@Robert If I only get to sue you for £5m rather than £100m, you'd better know I'm still coming for you! –  Lightness Races in Orbit Nov 25 '13 at 16:42
    
@LightnessRacesinOrbit: no, but the site itself has the right to "use, copy, cache, publish, display, distribute, modify, create derivative works and store such Subscriber Content" and isn't itself bound by any of the Use of Content provisions of Section 2. But I'm not your lawyer; feel free to get one and get laughed out of court. –  Wooble Nov 25 '13 at 16:43
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@RobertHarvey: I'm sure there's some judge out there who'll accept that as a valid claim! –  ThiefMaster Nov 25 '13 at 16:44
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@Wooble Does it have the right to do so whilst removing public attributions as required by the licence under which such works are submitted to the site? Licences protect both parties: you cannot just opt out of it whenever you please because you are a website. The licence is on the content, not on the website. –  Lightness Races in Orbit Nov 25 '13 at 16:45

3 Answers 3

If it was an issue before, it isn't now.

Edits are tricky. The rules in the license are interpretive:

  • Some edits almost certainly don't require attribution, such as those that are then completely rolled back.
  • Some edits are in a gray area, such as incredibly trivial revisions (removing whitespace, formatting, etc.)
  • But some pretty clearly require attribution, and whatever the legal situation may be regarding a history that's only available to some users, the more important issue is this:

We want to err on the side of more attribution - you trust us with your work, and we want to ensure you to get credit wherever possible.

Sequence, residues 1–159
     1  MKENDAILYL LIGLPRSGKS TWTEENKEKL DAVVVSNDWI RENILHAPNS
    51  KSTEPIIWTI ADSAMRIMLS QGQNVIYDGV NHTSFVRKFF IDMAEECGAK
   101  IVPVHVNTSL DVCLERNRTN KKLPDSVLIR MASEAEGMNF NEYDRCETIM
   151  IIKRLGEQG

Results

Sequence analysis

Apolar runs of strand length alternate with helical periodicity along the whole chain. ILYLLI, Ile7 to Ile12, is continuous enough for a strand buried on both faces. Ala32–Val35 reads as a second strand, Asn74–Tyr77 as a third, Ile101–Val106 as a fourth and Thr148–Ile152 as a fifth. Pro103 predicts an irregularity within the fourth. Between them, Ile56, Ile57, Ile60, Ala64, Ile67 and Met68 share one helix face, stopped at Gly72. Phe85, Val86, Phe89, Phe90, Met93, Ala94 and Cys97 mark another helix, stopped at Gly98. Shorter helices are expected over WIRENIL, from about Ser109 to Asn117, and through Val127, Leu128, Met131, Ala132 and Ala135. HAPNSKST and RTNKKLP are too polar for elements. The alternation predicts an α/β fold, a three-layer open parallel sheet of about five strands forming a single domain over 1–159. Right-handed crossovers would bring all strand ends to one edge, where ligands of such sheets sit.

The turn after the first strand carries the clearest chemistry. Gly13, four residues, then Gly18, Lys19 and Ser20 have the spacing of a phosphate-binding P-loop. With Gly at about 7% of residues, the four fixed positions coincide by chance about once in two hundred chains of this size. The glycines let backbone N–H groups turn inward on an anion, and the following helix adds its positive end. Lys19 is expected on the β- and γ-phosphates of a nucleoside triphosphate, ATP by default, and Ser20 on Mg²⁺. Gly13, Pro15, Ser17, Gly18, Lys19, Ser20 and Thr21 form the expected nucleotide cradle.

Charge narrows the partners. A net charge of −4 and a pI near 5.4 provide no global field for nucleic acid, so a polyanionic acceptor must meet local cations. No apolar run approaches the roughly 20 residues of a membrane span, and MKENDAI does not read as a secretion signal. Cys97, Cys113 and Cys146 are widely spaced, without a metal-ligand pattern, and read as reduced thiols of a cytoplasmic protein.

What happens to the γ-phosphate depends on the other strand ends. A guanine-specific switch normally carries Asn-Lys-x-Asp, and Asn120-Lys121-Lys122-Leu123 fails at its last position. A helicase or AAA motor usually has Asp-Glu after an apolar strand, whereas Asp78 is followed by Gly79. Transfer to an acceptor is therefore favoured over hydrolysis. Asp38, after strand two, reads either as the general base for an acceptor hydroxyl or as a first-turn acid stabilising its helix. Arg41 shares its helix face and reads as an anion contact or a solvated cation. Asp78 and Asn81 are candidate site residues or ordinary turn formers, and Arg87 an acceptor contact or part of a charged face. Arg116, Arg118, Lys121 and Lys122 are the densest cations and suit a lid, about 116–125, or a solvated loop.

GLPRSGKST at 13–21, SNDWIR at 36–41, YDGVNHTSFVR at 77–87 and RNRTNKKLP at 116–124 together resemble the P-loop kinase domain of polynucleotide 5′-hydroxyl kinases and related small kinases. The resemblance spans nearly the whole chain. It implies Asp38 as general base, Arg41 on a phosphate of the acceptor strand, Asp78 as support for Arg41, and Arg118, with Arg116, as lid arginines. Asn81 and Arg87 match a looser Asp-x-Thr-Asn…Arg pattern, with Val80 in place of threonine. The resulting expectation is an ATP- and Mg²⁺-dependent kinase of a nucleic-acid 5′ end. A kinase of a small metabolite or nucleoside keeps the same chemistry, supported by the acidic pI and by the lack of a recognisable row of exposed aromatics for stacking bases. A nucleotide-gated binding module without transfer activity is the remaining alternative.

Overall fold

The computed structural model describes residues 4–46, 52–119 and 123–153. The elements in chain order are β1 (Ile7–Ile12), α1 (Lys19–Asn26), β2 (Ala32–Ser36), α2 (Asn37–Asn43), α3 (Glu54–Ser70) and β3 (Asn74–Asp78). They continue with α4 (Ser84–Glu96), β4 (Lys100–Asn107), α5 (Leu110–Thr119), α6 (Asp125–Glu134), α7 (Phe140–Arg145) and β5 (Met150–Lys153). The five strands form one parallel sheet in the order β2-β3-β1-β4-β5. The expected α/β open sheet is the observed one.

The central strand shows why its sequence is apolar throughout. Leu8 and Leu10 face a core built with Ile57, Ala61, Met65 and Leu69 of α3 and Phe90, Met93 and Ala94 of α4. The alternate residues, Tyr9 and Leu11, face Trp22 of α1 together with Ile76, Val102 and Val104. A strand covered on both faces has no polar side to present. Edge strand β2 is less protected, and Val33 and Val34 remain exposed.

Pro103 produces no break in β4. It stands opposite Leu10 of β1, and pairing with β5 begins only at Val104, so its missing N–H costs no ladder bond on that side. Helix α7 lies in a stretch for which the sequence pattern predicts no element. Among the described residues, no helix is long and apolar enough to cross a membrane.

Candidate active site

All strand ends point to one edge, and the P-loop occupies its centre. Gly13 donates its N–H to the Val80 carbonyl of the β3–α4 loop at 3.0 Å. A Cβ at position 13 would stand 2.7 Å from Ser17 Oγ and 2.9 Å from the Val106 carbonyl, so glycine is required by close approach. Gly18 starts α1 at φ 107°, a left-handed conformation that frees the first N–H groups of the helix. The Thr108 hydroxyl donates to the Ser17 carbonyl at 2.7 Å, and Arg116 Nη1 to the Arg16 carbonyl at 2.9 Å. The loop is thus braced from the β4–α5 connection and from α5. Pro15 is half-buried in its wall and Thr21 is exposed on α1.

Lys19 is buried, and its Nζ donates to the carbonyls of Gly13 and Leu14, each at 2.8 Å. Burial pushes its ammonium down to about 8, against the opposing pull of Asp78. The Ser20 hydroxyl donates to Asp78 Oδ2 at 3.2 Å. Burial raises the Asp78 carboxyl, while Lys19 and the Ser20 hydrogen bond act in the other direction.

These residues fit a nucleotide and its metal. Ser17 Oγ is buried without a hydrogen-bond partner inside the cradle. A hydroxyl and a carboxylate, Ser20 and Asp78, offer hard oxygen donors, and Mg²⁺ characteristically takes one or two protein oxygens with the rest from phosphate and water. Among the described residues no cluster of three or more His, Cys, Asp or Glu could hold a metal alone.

So, as of today, anyone (regardless of rep) can link back to the original site's revision history on migrated questions, even if the question has been deleted on the original site.

enter image description here

If you go to the post pictured above in incognito, you'll find you click the link in the "migrated from" post notice (circled above) and it will take you back to the posts revision history on StackOverflow, even though the post there is deleted, and normally inaccessible to anonymous (or lower-rep) users.

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What happens if an answer with edits is migrated along with the question? –  Joshua Dwire Jan 15 at 19:56

TL,DR: Yes, it does. Only in a small minority of cases — but Stack Exchange must nonetheless make sure that that small minority of cases is treated correctly (in the same manner that spending 364 days per year without committing a burglary does not make it ok to spend one day a year committing burglary).

Facts

Law

Stack Exchange operates under United States law. Title 17 of the U.S. Code, and in particular chapter 1, applies.

The content of posts is Subscriber Content as per §3 of the Stack Exchange terms of service.

all Subscriber Content that You contribute to the Network is perpetually and irrevocably licensed to Stack Exchange under the Creative Commons Attribution Share Alike license.

Clause 4c of the Creative Commons license recognizes the right of the author to be attributed:

If You Distribute, or Publicly Perform the Work or any Adaptations or Collections, You must (…) keep intact all copyright notices for the Work and provide, reasonable to the medium or means You are utilizing: (i) the name of the Original Author (…); and (iv) , consistent with Ssection 3(b), in the case of an Adaptation, a credit identifying the use of the Work in the Adaptation (…). (…) in the case of a Adaptation or Collection, at a minimum such credit will appear, if a credit for all contributing authors of the Adaptation or Collection appears, then as part of these credits and in a manner at least as prominent as the credits for the other contributing authors.

The license does not define who must be considered an author in cases where a work is the product of a collaboration.

US copyright law applies to “works of authorship”, and defines the rights of “authors”. These terms is not defined in the law, and thus defined by jurisprudence.